- The Washington Times - Friday, July 21, 2000

ST. ANDREWS, Scotland A month ago at Pebble Beach, Ernie Els stood somberly outside the press tent after answering an hour's worth of questions about U.S. Open champion Tiger Woods.
"I don't want to ever have to do that again," said Els, a rare note of intensity in his voice.
Like most of his fellow professionals, Els has tremendous respect for Woods and was unquestionably awed by his 15-stroke victory at Pebble. But he also was slightly embarrassed by the situation for himself and his stablemates embarrassed to have been a helpless bystander at the most devastating rout in major championship history. This week the 30-year-old South African is determined to be more than just a non-competing marker for another Woods walkover.
"If he beats me by 15 from now, there should be an inquiry," Els said Thursday after posting an opening 66 to take a one-stroke lead over Woods and Steve Flesch at the 129th British Open. "There are quite a few players that can step up and be [Woods'] rival or whatever you want to call it… . I just want to go out there and play as good as I can. And when I play good enough, I'm probably going to play with him. So let's leave it at that."
Thursday morning, Els watched from his bedroom TV as Woods turned the warm, windless conditions at St. Andrews into a bogey-free 67. Els then came out in the afternoon and symbolically picked up the gauntlet Tiger tossed down. His eight-birdie round reached an impressive crescendo at the treacherous Road Hole, which played to a gory stroke average of 4.8.
Els came to the 17th 5-under, hit a brilliant cut drive into the heart of the fairway and then shaped a 6-iron from 184 yards within six feet of the flag. He then coasted home the putt to card one of only four 17th-hole birdies for the day and vault to the top of the leader board.
"[The approach] at No. 17 must be the shot of the day because you can make any number there; walking off with a three and getting the lead, it is very satisfying," said Els, who rolled into the Open off a victory at last week's Loch Lomond World Invitational. "I've worked pretty hard with [swing guru] David Leadbetter since the Masters. I've worked on my mental attitude on the course almost as much as my swing, really, just trying to get the timing ready for these big ones… . And I feel my game is finally coming around."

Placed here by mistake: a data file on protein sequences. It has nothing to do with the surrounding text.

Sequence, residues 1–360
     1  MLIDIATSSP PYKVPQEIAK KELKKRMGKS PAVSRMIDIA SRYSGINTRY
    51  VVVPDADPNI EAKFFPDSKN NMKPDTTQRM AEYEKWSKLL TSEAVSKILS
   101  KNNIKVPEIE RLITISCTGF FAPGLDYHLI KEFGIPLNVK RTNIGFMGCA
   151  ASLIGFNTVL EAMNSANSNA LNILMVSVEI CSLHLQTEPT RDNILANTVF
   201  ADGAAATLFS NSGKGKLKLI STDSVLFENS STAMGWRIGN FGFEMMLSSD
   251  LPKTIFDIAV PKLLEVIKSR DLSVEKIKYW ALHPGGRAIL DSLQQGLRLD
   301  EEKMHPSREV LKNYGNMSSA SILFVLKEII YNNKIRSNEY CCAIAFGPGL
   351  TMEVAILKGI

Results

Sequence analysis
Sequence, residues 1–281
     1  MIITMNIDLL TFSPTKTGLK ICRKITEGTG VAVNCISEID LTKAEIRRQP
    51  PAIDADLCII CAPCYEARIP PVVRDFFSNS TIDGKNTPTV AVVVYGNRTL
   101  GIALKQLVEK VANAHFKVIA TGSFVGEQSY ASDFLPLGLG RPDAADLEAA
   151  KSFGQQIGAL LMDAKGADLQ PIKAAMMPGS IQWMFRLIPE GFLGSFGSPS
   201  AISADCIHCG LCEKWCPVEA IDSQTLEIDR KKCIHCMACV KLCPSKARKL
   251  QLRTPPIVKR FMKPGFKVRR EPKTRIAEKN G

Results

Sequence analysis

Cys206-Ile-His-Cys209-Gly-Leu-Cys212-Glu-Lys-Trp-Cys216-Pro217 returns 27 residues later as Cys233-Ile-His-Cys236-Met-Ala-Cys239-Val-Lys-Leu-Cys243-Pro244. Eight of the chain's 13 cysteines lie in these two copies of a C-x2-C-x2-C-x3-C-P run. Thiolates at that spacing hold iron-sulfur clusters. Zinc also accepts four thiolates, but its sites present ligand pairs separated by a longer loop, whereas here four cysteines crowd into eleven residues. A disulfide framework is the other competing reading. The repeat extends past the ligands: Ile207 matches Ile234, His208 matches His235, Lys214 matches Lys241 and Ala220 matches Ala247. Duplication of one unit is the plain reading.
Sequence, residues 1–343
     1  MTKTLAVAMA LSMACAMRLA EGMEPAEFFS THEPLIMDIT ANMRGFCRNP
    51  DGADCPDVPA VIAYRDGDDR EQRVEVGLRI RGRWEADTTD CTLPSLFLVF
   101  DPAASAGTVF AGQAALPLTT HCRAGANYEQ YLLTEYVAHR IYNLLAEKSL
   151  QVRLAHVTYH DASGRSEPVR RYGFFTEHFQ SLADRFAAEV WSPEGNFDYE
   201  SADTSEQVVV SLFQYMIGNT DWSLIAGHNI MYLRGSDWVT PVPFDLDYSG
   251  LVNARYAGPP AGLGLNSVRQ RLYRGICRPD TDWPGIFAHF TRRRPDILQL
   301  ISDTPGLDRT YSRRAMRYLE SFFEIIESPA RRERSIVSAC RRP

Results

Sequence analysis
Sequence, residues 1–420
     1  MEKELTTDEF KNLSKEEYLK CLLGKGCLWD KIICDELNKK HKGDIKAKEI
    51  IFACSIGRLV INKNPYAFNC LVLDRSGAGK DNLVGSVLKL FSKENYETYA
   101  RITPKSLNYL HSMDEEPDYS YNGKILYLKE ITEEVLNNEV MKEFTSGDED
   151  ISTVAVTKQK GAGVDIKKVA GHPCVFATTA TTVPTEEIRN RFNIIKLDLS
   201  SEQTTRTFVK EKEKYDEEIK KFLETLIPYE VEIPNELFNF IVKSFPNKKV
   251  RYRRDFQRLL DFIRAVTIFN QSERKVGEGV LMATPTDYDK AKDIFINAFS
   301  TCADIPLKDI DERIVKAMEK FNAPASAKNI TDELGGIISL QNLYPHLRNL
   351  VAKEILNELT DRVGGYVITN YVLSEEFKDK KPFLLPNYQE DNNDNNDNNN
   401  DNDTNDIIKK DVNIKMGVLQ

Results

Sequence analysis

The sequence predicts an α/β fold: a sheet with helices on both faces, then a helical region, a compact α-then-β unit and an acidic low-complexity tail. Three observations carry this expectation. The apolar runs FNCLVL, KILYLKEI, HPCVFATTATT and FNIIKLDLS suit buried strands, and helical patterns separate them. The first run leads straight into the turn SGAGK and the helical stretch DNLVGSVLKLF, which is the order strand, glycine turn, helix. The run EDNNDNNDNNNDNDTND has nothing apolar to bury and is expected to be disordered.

The two-time U.S. Open champion (1994 and '97) likely will have to stay in top form to keep pace with Woods this week. Though the 24-year-old terror was pleased with his first-round score, he was somewhat disappointed in his ball-striking, particularly his approach shots. Woods hit 17 greens and didn't find a bunker all day, but three of his birdies were of the two-putt variety, and he made the only other two birdie bids he earned from inside 15 feet.
"It's a major championship, and anything in the red is a good score," said Woods, who is attempting to become the youngest player to complete a career Grand Slam. "I drove it pretty good and gave myself iron shots to give myself a chance [to make birdies]. But I did not really hit those approach shots as well as I'd like.
"I hit a poor shot on No. 1 into the green, a poor shot on No. 2 into the green, a poor shot on No. 3 into the green, a poor shot on No. 4 into the green, a poor shot on No. 5, a bad tee shot on No. 6 and a bad second shot on No. 6. You want me to go on? It was all day."
Like Ben Hogan before him, who once said he averaged only one or two perfect shots a round, Woods has a higher set of standards and expectations than the rest of the world's players. Considering the perfect early-morning conditions, Woods knows his 67 could have been much, much better if he had hit his approaches more precisely.
"I did not really have a whole lot of opportunities," Woods said. "But you can do that out here you can hit average shots, and the next thing you know you're 40, 50 feet away. It's just because the ball rolls and it gets the wrong side of a mound and there it goes."
Three years ago, Woods got himself in trouble when he claimed to have won the Byron Nelson Classic with his "C game." But it's difficult to quibble with reality. Frighteningly for the field, Woods beat all but two of the world's top players yesterday with the equivalent of his "B game."
Fortunately for Els and Co., Woods has a late tee time this afternoon. Even if Thursday's placid conditions persist conditions that allowed 50 players to break par on the 7,155-yard, par-72 layout Woods will face a far tougher Old Course this afternoon than he saw Thursday. By the time Woods reaches the first tee at 2:30 (British time), the greens likely will be dried out, crusty and spike-marked and the fairways even faster.
"For once I got fortunate with my draw," said Els, who tees off five hours ahead of Woods. "Hopefully, it will stay nice and calm, and I'll get the chance to go out there and put up a number that everybody else will have to look at all day."
For the determined Els, "everybody else" is named Tiger Woods.

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